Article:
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I have the following integral:

$$I(t) = \int_{0}^{t} \sqrt{1- \frac{a(x)^2}{c^2}}dx$$

where $a(x)$ is some continuous function of $x$, and $c$ is a constant. Also $a(x) < c$ for all $x >0$.

It can be seen that the solution to the integral is thus some function of $t$, that is, $I(t)$.

Now I need to find some function $a(x)$, so that $I(t)$ approaches 1 as $t$ approaches $\infty$, but I have no idea where to start.

Does anyone know the solution to this problem, or how to approach it?

Thanks!

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BTW the title of your post is a bit misleading. You are really interested in solving a type of integral equation. –  Ron Gordon Feb 6 '13 at 16:23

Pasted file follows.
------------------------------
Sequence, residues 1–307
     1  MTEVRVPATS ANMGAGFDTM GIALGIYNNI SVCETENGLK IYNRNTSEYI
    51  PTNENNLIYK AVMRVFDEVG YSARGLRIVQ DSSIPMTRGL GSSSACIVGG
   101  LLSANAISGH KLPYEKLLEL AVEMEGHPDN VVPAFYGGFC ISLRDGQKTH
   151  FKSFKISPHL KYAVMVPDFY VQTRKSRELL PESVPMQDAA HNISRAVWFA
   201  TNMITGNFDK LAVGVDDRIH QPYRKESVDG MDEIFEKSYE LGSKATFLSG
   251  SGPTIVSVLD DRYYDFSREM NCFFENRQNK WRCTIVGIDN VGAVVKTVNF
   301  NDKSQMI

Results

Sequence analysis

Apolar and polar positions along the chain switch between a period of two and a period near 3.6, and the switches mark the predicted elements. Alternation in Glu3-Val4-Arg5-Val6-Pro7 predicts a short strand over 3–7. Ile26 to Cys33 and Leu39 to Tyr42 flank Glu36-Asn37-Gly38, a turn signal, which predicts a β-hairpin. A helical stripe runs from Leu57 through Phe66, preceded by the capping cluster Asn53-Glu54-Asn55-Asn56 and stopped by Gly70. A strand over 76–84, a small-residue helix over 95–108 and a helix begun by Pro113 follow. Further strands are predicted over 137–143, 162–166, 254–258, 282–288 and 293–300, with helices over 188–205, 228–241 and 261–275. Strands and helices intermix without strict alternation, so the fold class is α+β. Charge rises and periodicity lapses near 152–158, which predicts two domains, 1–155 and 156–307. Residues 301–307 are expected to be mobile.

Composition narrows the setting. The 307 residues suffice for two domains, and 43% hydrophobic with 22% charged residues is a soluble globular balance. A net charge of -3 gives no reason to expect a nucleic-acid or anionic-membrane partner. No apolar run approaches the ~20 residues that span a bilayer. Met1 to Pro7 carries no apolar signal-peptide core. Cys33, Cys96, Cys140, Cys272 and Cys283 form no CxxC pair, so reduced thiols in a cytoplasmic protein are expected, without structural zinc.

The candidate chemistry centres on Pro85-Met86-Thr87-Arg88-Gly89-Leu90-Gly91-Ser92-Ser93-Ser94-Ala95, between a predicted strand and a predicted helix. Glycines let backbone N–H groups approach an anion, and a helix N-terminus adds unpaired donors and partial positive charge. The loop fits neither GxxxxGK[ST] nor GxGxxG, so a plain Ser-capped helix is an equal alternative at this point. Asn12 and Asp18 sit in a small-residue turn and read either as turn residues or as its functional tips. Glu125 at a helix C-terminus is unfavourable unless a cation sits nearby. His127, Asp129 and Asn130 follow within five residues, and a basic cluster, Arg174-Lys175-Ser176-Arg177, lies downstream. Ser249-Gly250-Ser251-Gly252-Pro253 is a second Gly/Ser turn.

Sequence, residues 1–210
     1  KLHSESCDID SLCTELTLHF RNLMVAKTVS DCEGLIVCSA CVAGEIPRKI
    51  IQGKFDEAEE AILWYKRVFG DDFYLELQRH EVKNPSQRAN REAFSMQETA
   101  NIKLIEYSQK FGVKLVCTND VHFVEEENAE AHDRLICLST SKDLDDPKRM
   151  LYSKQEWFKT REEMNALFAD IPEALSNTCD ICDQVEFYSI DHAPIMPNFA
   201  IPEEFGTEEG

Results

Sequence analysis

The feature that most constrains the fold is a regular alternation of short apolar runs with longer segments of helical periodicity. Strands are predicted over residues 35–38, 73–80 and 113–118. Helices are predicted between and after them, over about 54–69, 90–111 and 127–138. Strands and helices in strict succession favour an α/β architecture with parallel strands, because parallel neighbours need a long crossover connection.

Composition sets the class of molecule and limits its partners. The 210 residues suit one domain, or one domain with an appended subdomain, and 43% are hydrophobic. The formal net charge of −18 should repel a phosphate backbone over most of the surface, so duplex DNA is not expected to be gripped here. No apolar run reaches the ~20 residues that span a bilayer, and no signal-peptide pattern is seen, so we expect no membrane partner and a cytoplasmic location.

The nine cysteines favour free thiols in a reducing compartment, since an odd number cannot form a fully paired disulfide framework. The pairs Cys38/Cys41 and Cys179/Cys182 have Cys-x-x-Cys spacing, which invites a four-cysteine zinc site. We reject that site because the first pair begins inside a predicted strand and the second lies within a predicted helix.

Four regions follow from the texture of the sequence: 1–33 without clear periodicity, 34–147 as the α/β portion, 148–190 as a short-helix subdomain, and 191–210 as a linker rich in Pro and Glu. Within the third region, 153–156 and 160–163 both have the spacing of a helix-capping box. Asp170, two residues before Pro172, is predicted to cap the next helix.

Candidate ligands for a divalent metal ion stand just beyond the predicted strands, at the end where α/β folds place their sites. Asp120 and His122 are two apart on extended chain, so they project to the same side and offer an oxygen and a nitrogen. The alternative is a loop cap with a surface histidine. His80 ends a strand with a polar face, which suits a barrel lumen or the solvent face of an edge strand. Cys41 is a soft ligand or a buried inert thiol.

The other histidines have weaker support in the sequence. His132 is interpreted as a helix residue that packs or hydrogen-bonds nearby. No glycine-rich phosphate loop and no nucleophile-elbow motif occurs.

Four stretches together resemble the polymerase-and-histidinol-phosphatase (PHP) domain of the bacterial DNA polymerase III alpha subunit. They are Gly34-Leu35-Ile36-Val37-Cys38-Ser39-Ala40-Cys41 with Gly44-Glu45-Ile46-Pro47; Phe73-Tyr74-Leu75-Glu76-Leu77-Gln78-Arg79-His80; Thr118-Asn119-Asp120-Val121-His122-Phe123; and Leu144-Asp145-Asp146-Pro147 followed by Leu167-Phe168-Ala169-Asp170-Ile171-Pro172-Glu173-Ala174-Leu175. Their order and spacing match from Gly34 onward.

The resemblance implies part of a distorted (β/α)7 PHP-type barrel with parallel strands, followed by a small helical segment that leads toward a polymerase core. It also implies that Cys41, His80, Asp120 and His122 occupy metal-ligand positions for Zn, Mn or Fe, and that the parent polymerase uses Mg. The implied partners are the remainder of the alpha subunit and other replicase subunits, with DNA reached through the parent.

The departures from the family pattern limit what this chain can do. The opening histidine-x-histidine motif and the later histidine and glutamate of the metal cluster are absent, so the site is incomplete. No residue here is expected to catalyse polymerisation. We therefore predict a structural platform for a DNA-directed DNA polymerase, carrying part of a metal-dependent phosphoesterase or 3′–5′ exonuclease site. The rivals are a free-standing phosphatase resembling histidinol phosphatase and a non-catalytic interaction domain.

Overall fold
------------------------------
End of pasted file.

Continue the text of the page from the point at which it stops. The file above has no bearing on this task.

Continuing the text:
I wasn't sure about the title. Please feel free to correct. –  Mew Feb 6 '13 at 16:24

1 Answer 1

up vote 1 down vote accepted

$a(x) = c \tanh{(\pi x/2)}$ should do the trick.

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Thanks for your answer. –  Mew Feb 6 '13 at 16:28
    
NP, glad I could help. –  Ron Gordon Feb 6 '13 at 16:28

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